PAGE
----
The Location of Justice Map Published with Urban Omnibus

The Center for Spatial Research, with Urban Omnibus, has just published an interactive map that locates the diverse sites and institutions that comprise the New York City criminal justice system. The map is part of Urban Omnibus’s new series, The Location of Justice, which examines “the pervasive and often overlooked infrastructure of criminal justice in New York and the spaces that could serve a more just city.”

The map was built and designed by Laura Kurgan, Juan Saldarriaga, and Jochen Hartmann at the Center for Spatial Research based on data that was originally compiled by Emily Schmidt of the Architectural League. Additional research contributions were made by Olivia Schwob, Ayluonne Terieszkiewicz, Maya Tellman, and Nishant Jacob.

For more information and to view the map visit Urban Omnibus here

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Launch of Points Unknown

Points Unknown, a new collaboration between the Center for Spatial Research, Brown Institute and Faculty from the Journalism School, launched a five-week course module this week for students at the Columbia University Graduate School of Journalism.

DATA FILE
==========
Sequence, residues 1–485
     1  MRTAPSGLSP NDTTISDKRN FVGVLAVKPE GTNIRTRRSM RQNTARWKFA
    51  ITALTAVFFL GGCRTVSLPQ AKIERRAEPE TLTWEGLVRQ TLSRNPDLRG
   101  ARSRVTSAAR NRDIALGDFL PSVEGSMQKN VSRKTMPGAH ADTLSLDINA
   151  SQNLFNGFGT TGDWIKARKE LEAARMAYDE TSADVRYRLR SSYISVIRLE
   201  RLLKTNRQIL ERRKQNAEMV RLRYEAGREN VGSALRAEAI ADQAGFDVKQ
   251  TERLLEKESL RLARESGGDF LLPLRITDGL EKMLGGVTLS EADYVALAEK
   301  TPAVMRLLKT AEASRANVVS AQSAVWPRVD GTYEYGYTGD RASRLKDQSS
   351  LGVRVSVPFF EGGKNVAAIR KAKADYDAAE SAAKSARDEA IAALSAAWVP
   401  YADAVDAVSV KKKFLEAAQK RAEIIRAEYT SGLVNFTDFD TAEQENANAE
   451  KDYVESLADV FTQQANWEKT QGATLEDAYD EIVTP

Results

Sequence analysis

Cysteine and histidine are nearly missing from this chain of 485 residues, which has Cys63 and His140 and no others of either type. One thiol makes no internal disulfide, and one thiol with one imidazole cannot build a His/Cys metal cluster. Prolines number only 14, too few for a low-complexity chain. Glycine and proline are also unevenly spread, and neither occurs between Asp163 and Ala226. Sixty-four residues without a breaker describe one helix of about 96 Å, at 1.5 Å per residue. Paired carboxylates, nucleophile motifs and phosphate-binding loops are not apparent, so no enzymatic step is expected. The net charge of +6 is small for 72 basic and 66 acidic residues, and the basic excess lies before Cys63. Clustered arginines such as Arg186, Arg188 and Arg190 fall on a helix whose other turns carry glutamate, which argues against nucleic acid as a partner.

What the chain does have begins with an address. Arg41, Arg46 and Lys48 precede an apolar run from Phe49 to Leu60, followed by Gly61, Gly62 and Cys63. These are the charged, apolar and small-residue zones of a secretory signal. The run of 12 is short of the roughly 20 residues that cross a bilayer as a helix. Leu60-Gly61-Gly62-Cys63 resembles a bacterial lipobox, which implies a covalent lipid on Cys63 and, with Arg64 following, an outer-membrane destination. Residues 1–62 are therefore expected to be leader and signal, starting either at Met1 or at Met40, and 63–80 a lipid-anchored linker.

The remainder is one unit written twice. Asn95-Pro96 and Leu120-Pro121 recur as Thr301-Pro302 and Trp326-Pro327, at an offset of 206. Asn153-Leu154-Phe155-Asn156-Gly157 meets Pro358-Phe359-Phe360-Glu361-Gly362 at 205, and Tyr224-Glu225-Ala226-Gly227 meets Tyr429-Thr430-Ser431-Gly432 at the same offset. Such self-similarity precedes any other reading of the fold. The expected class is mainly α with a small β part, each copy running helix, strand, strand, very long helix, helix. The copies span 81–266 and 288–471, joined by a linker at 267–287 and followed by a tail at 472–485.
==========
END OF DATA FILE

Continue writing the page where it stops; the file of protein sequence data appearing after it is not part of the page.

Points Unknown aims to bridge practices of journalism, data science, urbanism and cartography to develop new reporting practices among Columbia’s journalism students and new modes of design practice for GSAPP students. During the 2017-2018 academic year the collaboration will result in three five-week module courses for Journalism School students as well as a semester-long course for GSAPP students (to be taught in Spring 2018). The Points Unknown curriculum is designed by CSR Researchers Juan Francisco Saldarriaga and Grga Basic, with Marguerite Holloway and Michael Krisch of the Journalism School and the Brown Institute, respectively.